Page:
Category Archives: Blogs

Age of Innocence – 1967, Che Guevara, Torrey Canyon and Francis Chichester

1967 was a quiet and uneventful at home and seemed to slip by almost unnoticed but elsewhere there were some important news stories.

I suppose that one of the biggest news events of the year occurred in Peru, South America, when in October a 1960s icon died at the hands of a firing squad.  Che Guevara was born in 1928 in Argentina and as a medical student in the 1940s became a committed Marxist revolutionary when he became convinced that capitalism created the poverty that he witnessed as he travelled on his motorbike on a journey through South America.

In the year that I was born, 1954, he joined Fidel Castro in Mexico as he set out to overthrow the American backed government of Fulgencio Batista in Cuba, which they achieved together on New Years Eve in 1959.  For five years after that Che Guevara was effectively the number two in the country but then he suddenly tired of revolutionary tribunals and executing people and in 1965 he left Cuba to stir up more revolutionary Marxist trouble first in the African Congo and then in Bolivia back in South America.

In a bungled guerilla offensive he was captured by United States CIA backed army forces and summarily executed.  By coincidence he was caught and killed in Vallegrande which wasn’t so far away from San Vicente where nearly sixty years before the outlaws Butch Cassidy and the Sundance Kid were also trapped and killed.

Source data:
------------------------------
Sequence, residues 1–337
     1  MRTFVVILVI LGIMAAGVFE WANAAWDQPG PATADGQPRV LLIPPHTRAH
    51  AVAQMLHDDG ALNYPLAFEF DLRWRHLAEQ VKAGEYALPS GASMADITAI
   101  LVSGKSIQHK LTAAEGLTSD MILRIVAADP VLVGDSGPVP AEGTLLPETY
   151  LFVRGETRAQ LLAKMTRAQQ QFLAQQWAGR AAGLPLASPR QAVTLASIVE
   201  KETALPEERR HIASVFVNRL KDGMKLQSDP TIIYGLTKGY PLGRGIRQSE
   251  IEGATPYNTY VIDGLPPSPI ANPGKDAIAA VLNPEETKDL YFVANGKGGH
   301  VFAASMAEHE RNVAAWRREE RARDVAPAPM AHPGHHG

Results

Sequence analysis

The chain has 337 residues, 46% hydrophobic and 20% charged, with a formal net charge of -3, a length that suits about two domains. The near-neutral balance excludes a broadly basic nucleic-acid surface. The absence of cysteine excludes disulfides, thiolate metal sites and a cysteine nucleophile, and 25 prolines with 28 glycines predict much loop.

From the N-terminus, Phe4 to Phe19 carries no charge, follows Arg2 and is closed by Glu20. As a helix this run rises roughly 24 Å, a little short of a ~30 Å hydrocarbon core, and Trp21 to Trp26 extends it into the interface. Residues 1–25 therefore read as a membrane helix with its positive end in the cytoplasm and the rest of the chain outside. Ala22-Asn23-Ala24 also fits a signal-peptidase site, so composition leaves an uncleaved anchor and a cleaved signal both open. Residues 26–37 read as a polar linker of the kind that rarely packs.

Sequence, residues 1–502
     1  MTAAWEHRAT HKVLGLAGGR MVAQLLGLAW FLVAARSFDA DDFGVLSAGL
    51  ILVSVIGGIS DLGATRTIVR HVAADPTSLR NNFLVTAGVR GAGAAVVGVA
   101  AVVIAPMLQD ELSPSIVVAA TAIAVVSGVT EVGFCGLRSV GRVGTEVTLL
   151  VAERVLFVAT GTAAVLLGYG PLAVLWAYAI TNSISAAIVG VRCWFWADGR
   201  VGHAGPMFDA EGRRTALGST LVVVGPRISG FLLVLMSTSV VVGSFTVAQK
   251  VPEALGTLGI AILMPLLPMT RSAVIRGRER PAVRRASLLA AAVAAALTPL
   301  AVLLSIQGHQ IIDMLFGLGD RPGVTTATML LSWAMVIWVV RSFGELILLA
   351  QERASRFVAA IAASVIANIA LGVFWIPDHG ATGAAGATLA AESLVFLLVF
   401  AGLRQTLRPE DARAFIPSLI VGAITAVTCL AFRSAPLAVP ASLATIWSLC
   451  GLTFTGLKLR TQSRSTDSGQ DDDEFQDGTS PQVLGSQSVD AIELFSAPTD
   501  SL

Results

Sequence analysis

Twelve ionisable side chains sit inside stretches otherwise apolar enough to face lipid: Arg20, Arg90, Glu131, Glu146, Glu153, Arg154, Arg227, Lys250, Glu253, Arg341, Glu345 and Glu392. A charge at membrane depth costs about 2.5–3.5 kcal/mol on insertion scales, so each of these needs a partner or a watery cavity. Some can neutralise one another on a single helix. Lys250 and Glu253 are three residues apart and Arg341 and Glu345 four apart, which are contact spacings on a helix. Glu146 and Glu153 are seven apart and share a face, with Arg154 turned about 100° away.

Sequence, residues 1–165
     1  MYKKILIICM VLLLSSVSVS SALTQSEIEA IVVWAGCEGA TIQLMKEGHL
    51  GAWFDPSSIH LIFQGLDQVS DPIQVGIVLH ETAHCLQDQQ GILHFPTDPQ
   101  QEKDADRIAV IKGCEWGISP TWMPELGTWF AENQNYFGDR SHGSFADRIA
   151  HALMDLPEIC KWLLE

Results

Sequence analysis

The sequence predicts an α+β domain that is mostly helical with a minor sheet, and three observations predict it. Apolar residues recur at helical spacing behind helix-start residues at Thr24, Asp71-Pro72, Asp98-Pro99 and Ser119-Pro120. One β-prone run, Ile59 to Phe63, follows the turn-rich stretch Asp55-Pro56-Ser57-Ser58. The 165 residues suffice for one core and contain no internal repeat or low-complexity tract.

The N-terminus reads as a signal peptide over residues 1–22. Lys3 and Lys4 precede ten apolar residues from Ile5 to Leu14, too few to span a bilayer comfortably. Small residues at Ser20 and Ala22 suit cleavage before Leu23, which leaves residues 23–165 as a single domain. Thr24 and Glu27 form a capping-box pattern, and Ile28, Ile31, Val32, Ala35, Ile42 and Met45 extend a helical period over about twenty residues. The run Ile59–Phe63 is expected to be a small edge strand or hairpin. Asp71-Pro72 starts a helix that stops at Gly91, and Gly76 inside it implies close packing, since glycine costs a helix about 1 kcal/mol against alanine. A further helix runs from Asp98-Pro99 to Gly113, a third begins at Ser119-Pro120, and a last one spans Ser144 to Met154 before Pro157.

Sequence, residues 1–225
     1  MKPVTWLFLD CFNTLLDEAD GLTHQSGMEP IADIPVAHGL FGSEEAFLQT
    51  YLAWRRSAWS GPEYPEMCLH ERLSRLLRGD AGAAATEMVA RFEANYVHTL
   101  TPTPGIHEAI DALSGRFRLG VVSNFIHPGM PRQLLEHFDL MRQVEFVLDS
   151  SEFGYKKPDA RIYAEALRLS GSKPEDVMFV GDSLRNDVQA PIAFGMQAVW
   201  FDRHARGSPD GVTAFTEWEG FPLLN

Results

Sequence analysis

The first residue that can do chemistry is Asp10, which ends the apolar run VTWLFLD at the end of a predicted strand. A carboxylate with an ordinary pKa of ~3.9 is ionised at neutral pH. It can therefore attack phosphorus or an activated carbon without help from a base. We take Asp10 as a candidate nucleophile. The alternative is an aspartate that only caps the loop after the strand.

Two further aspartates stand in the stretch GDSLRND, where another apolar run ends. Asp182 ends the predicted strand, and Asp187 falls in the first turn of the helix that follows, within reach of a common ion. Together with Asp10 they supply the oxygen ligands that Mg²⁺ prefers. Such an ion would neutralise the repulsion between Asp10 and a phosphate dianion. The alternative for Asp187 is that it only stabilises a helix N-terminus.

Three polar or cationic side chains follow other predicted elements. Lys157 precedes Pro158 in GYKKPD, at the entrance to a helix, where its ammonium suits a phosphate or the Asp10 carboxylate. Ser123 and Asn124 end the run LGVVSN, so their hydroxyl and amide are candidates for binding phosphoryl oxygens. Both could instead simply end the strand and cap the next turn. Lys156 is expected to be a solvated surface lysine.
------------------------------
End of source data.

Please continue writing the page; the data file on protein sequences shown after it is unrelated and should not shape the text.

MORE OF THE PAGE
Butch and Sundance

Odd isn’t it how reputations are built?  Everything about this modern saint is a myth – his love of justice, his romantic disposition, his goodness. The truth is that he was responsible for the deaths of  hundreds of people, ruined the Cuban economy, tried to turn Cuba into a nuclear power and helped bring about many military dictatorships in Latin America in reaction to the guerrillas he inspired in the 1960s and the 1970s.  The man it seems was a menace!

After his death Che acquired an iconic stature and in the late 1960s and 70s his face was seen on tee-shirts and posters in every western university, it didn’t matter that like Robespierre or Stalin he was a thug and a bully and a murderer, he became the symbol of revolution and challenge to the establishment and his famous picture with burning eyes full of defiant intensity and steely resolve became the most famous image of the decade after that of Marilyn Monroe.

The death of Che Guevara probably didn’t register that greatly elsewhere in the world at the time and in Europe there was a coup d’etat in Greece which began a period of military dictatorship, in Spain the Spanish Government closed the border with British ruled Gibraltar and the French, or more precisely General DeGaulle, once more said no to Britain’s application to join the Common Market.  Although there was no spirit of partnership working at the diplomatic level, the United Kingdom and France did however jointly introduce the world to the ambitious aviation project, the Concorde.